Catchment management authorities, water corporations and water retail providers, all work together to manage catchments, water treatment and storage facilities, pipes and other supply infrastructure.

Who is responsible for paying water bills?

Responsibilities for water charges vary depending on which state you are moving to. In Victoria, if the property has its own meter, the tenant is responsible for paying for water consumption (usually noted on the bill as water volume) and sewerage disposal charges. The landlord must pay all service charges including water supply and sewerage or drainage services. Some individual situations may differ and these are normally documented in your rental agreement.

In NSW, the landlord is responsible for paying water bills. If the premises are separately metered, and the property has water efficiency measures in place, the landlord is able to charge the tenant for water consumption. The landlord must provide you with a copy of the bill from the water provider, or other evidence, showing the cost of the water used.

Similar arrangements apply in other states such as QLD and the Northern Territory – so long as the water supply is individually metered and the tenancy agreement mentions it, tenants may be required to pay for water usage.

What if I live in a rural area?

In some rural areas, there is no urban water supplied and the property owner will need to arrange water supply from a tank or bore with a septic system to manage wastewater. For rental properties, usually the landlord is responsible for the upkeep of tanks and associated equipment like pumps. If you are renting, roles and responsibilities for water tanks and septic tanks vary and should be documented in your rental agreement. Check with your landlord, agent or tenant advocacy group if you are unsure.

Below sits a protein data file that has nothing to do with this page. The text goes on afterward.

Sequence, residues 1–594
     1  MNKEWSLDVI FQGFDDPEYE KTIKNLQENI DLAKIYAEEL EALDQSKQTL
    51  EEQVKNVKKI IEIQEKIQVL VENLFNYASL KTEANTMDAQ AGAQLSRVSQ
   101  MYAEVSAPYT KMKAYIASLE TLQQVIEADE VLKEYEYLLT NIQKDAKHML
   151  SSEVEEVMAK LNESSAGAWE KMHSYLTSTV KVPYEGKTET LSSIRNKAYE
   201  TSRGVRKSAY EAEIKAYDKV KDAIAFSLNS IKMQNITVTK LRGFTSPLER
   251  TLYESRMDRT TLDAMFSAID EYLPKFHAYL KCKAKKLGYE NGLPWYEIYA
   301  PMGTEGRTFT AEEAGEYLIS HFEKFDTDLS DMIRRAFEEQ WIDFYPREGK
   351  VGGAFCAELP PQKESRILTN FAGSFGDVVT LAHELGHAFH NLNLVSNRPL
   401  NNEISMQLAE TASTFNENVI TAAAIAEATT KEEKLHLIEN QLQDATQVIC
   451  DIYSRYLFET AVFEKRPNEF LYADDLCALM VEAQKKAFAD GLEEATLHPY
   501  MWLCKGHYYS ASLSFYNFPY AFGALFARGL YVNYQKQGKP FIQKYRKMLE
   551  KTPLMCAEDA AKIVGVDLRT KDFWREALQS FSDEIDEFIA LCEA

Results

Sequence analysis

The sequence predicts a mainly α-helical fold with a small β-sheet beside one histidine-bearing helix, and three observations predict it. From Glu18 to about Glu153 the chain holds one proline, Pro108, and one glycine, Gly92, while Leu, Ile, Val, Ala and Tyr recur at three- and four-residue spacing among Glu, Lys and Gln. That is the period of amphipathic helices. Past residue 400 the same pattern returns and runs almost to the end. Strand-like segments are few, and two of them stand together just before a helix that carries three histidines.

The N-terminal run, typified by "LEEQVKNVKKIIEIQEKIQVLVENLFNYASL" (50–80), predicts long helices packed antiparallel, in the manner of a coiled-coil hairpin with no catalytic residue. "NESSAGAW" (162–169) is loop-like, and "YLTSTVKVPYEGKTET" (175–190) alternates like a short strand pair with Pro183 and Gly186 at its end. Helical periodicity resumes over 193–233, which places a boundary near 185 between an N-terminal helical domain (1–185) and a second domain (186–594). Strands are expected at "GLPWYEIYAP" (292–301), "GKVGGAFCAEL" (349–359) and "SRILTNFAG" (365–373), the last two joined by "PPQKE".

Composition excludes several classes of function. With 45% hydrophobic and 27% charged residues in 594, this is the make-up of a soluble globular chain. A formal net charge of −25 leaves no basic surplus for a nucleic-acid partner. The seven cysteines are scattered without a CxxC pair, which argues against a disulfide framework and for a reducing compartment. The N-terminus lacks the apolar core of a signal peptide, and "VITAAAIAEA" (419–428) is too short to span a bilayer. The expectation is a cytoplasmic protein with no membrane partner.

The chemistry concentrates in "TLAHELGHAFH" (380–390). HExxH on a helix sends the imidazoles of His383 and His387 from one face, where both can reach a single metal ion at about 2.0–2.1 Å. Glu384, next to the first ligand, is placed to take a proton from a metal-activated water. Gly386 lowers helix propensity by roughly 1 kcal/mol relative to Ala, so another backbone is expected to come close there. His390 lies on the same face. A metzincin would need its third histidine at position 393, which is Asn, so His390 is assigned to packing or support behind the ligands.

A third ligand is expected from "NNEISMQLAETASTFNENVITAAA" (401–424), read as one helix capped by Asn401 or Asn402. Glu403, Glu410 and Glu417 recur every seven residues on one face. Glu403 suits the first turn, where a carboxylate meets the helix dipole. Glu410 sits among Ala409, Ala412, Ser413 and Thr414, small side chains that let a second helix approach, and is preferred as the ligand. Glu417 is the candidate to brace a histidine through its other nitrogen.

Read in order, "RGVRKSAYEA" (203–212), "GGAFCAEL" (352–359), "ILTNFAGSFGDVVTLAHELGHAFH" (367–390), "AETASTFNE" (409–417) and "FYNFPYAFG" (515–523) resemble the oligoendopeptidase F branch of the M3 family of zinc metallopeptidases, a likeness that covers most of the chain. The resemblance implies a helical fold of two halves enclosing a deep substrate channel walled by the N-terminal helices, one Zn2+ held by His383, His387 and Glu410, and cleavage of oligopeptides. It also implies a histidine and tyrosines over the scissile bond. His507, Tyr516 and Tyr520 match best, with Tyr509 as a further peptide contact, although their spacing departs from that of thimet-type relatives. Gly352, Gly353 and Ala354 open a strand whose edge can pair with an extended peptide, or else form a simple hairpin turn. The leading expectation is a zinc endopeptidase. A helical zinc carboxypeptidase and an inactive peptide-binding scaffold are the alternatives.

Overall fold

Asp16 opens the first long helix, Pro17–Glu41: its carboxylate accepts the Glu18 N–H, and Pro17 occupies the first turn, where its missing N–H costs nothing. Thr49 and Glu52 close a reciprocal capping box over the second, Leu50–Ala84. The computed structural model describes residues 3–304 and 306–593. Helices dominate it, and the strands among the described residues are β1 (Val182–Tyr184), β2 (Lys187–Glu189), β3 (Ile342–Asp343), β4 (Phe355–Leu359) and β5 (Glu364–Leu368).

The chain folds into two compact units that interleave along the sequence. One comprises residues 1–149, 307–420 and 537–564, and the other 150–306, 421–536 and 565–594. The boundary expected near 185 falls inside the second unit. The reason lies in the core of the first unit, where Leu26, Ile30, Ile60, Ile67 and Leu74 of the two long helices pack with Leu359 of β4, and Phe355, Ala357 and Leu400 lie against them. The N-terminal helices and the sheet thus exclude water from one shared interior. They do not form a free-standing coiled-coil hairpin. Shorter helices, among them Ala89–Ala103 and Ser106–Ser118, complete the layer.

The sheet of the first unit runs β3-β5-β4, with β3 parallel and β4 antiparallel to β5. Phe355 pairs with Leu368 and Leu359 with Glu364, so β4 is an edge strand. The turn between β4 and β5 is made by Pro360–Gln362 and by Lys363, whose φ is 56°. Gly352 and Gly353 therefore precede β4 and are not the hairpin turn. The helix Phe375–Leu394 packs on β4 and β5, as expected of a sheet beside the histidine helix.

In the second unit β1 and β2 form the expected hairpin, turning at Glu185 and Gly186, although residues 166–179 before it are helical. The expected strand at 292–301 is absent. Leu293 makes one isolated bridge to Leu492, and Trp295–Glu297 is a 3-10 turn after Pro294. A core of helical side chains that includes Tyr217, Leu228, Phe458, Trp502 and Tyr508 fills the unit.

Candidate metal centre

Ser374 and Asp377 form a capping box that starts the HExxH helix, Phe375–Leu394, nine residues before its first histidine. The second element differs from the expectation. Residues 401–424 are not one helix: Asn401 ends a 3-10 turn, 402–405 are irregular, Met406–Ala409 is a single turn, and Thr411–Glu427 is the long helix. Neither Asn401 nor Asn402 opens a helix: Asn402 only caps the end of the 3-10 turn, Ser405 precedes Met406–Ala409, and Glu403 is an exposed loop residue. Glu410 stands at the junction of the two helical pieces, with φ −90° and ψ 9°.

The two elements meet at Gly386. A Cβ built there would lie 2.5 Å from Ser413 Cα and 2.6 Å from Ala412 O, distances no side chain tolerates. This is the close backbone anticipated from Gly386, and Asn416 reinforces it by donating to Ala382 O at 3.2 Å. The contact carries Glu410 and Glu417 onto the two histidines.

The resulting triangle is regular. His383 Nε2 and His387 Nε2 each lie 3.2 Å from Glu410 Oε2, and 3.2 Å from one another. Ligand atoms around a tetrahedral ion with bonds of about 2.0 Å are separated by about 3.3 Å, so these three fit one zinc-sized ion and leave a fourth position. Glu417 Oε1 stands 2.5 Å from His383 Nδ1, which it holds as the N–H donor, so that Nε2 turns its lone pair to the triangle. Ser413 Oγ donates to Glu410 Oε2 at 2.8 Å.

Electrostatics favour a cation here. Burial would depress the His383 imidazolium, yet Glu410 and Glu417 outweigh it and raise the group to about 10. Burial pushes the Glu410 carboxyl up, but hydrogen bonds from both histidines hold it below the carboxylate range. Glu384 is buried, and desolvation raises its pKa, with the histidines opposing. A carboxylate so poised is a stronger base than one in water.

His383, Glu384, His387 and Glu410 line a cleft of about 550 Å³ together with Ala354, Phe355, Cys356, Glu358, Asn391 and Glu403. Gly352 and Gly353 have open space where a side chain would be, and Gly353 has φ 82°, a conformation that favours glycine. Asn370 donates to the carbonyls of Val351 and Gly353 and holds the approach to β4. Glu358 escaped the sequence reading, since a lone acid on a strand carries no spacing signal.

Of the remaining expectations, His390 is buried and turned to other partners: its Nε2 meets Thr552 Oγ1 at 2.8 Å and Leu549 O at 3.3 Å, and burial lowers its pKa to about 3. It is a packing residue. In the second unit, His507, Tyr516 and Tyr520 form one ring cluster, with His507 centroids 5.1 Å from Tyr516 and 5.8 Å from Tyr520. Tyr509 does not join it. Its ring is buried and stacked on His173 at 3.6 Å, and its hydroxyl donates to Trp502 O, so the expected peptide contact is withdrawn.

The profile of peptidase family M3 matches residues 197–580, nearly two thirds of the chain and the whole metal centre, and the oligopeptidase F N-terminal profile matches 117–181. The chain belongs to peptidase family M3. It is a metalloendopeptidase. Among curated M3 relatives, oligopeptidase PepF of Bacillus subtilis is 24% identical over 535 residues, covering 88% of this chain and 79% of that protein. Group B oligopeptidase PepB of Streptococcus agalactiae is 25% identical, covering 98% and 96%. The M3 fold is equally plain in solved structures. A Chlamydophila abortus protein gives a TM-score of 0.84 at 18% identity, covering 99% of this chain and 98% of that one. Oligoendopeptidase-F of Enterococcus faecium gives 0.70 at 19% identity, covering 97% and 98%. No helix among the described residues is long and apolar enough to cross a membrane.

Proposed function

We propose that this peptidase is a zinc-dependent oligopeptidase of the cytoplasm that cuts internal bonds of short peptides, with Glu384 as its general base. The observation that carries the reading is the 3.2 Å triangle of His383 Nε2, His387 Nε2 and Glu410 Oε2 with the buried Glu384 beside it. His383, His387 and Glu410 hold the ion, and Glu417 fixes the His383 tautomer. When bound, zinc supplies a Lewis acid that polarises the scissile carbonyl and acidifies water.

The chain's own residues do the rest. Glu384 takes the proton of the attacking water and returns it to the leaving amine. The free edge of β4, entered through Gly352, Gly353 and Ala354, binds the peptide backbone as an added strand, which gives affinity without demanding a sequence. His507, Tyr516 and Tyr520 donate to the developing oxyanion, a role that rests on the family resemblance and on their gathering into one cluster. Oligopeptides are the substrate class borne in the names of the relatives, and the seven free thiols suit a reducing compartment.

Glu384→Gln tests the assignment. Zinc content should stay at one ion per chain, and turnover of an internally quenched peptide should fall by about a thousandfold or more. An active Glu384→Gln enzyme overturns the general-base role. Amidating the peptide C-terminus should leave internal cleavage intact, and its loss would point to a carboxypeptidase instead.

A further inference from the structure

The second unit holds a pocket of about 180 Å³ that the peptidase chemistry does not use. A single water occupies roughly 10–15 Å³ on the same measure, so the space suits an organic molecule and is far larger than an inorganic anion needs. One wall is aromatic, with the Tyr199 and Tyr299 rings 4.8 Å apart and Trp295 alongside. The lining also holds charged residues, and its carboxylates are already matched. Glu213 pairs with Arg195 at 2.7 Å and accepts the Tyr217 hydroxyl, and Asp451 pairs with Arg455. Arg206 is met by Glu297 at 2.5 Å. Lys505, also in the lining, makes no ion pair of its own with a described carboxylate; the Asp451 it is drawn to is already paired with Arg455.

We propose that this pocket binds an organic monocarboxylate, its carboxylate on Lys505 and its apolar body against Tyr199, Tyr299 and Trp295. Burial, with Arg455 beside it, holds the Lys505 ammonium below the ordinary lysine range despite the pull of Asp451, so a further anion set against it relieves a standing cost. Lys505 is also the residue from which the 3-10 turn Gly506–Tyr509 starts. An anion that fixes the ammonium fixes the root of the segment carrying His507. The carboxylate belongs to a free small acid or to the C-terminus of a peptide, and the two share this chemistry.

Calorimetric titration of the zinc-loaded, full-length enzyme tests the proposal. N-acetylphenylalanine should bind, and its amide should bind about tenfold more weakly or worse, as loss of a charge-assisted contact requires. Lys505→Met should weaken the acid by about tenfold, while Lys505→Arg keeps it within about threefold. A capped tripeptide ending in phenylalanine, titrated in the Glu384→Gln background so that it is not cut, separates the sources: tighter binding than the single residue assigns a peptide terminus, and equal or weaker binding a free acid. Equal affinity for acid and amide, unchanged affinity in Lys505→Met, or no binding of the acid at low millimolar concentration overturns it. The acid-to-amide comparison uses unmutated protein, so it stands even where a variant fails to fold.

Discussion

Is there anything else I need to do?

It is your responsibility to provide safe access to the water meter so that the meter can be read. This means no locked gates or unrestrained animals. Failure to ensure this could result in your water supply being disconnected.

How often will I receive water bills?

Water bills are generally issued quarterly (once every three months).

Gas Connection

How do I know if I need gas connections?

You will almost certainly need a gas connection in your new home, but it does depend on the kinds of amenities the house comes with – does the kitchen come with gas stove tops? Is the water heated through gas or electricity? Does the house come with ducted heating?

More than 70% of houses in Australia are either already connected to mains gas or use LPG bottled gas. An easy way to tell if your property is connected to gas pipelines is to look for a gas metre around the outside of your property, or call HOOD on 1300 242 824.

How long does it take to connect gas?

Usually gas supply is not physically disconnected between tenants however the process of setting up an account with a provider is commonly referred to as a connection. At the beginning of your tenancy, your provider will arrange a start read of the gas metre. Gas metres are read manually by the gas distributor and data is fed back to the gas provider.

Further reads are taken bi-monthly to determine consumption, calculate costs and prepare your bill. The provider generally requires a minimum of three business days notice to ensure the start read is taken the day you move in. Metre reads are only taken on weekdays so if you are moving in on a Saturday, your start read date will be the Friday before your move.

In some cases, for example if a previous tenant has defaulted on paying their bill, a provider will manually plug the gas line. This stops gas supply to the property. Removing this plug requires a visit from a registered gas plumber organised by your gas provider.

HOOD can arrange your gas connection in one short phone call. It’s best to call us as soon as you know your move date so we can book the connection in advance.

How much natural gas is available?

Current natural gas reserves in Western Australia hold enough gas for around another century when based on a current household's average power usage.

How much does natural gas impact our environment?

Natural gas is one of the most eco-friendly and efficient non-fossil fuel power sources available. Natural gases can be extracted and transported to your home with lower levels of emissions when compared to coal power stations. Compared to grid-supplied electricity, natural gas produces up to 70% emissions. Natural gas pipelines are also underground, which means they face fewer environmental threats and interference.

How would natural gas be connected to my home?